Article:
Oct 18, 2022 in Coaching

Mom Shaming – How to Deal with People Who Criticize your Parenting

When you’re trying to do the best job you can but everyone thinks they’re an expert on how you should look after your child.

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DISCUSS #Parenting

When you’re trying to do the best job you can to parent, you’ll soon realize that everyone thinks they’re an expert on how you should look after your child. This can relate to a child of any age from a few months to a teenager or young adult. Don’t let the mom-shaming affect your confidence to know you are doing what’s best for your child.

It’s not just a case of ‘mommy knows best’ everyone from the neighbor to your best friend will be there to offer advice, invited or not, which ultimately is defined at times as a form of mom-shaming.

Here are some comments you may be familiar with:

  • Don’t you think they’re getting a bit hot with all those layers on?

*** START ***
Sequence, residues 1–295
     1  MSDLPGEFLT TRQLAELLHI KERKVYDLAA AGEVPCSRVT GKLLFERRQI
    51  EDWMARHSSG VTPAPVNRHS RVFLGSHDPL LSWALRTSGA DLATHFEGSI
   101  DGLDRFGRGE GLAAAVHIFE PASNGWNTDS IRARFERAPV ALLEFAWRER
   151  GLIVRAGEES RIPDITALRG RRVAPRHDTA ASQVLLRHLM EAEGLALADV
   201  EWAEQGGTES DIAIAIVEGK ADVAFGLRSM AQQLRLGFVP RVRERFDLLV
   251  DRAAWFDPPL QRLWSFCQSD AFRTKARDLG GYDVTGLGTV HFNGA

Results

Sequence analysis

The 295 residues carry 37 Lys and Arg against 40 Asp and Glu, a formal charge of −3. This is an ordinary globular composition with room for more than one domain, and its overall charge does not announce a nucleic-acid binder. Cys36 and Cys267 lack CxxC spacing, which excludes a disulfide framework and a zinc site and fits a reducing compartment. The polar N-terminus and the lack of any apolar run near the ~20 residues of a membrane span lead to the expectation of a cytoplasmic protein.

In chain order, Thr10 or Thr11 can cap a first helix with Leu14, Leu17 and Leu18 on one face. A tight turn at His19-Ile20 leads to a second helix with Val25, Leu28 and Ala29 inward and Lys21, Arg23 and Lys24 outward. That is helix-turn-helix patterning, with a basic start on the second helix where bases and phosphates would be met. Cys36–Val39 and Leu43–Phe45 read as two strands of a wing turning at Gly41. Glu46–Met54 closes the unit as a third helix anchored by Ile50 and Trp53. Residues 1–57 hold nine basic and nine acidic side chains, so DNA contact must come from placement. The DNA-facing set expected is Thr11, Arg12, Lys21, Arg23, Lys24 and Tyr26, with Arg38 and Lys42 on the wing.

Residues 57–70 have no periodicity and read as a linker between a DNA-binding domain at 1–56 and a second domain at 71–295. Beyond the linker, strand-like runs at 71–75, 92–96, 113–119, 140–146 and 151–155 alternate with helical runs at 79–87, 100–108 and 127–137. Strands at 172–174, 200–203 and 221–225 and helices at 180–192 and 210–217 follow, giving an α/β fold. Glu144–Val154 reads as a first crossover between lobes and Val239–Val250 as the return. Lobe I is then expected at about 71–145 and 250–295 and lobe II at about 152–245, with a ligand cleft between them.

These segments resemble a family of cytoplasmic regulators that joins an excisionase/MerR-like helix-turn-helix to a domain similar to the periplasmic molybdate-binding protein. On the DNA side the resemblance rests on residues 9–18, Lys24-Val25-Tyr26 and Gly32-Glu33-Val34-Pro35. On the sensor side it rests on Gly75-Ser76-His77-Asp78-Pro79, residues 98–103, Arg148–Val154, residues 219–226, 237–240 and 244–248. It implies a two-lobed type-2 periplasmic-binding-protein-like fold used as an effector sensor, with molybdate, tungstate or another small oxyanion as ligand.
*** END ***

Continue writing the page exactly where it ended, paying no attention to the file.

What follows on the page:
• Do you think he/she is hungry again? You only just finished a feed.
  • Don’t keep picking him/her up, they’ll get too clingy.
  • Don’t keep putting him/her down, they’ll feel you aren’t there for them.
  • If you don’t teach your child to sleep/ have respect/ discipline/ eat in a cycle, they’ll never learn.
  • I can’t believe you let him/her talk to you that way.
  • I think a good slap is what she/he needs. 
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I bet your head is spinning with all the criticism! How do you deal with all this ‘advice’ everyone is so kind as to give you so freely?

Guidance parenting is all about looking after your child with no reward and punishment. It’s about having an equal relationship with your child. And as a result, a lot of people cannot grasp the concept of how this works. Sending your kids to the naughty corner or withholding privileges to enforce behavior is unfortunately still very much the norm for many parents. So first of all, well done for stepping out into the brave new world.

When you choose to do things differently, you can become defensive. And they can too. After all, the crux of your parenting style is you are raising emotionally healthy kids. Which suggests to them they aren’t. There is going to be some conflict.

The problem is, the winner of this argument is going to be a long time coming. Children take a lifetime to raise. So how can you demonstrate at that moment, your way is better? At that moment, your child may be arguing and whining, while your friend’s kid stops complaining of the count of four. You can’t fast forward and demonstrate in that instant, your child will be a much more adjusted teenager!